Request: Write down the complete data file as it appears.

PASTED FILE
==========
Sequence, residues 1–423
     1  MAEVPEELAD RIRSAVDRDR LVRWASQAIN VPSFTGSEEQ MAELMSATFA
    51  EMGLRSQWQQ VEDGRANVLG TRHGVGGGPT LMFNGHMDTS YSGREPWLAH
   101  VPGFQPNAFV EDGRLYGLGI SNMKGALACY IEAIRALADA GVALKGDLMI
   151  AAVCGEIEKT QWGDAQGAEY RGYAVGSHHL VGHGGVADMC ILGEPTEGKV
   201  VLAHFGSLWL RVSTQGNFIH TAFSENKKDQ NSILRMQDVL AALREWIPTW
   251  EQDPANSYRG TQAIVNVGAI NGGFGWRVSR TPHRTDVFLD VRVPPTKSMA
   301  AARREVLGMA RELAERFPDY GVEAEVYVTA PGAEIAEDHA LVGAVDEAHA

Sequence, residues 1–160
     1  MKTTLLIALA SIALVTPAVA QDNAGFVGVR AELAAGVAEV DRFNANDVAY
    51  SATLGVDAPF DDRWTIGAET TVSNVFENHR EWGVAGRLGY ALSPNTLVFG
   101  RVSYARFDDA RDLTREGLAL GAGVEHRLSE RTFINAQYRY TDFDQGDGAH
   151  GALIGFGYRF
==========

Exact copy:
Sequence, residues 1–423
     1  MAEVPEELAD RIRSAVDRDR LVRWASQAIN VPSFTGSEEQ MAELMSATFA
    51  EMGLRSQWQQ VEDGRANVLG TRHGVGGGPT LMFNGHMDTS YSGREPWLAH
   101  VPGFQPNAFV EDGRLYGLGI SNMKGALACY IEAIRALADA GVALKGDLMI
   151  AAVCGEIEKT QWGDAQGAEY RGYAVGSHHL VGHGGVADMC ILGEPTEGKV
   201  VLAHFGSLWL RVSTQGNFIH TAFSENKKDQ NSILRMQDVL AALREWIPTW
   251  EQDPANSYRG TQAIVNVGAI NGGFGWRVSR TPHRTDVFLD VRVPPTKSMA
   301  AARREVLGMA RELAERFPDY GVEAEVYVTA PGAEIAEDHA LVGAVDEAHA

Sequence, residues 1–160
     1  MKTTLLIALA SIALVTPAVA QDNAGFVGVR AELAAGVAEV DRFNANDVAY
    51  SATLGVDAPF DDRWTIGAET TVSNVFENHR EWGVAGRLGY ALSPNTLVFG
   101  RVSYARFDDA RDLTREGLAL GAGVEHRLSE RTFINAQYRY TDFDQGDGAH
   151  GALIGFGYRF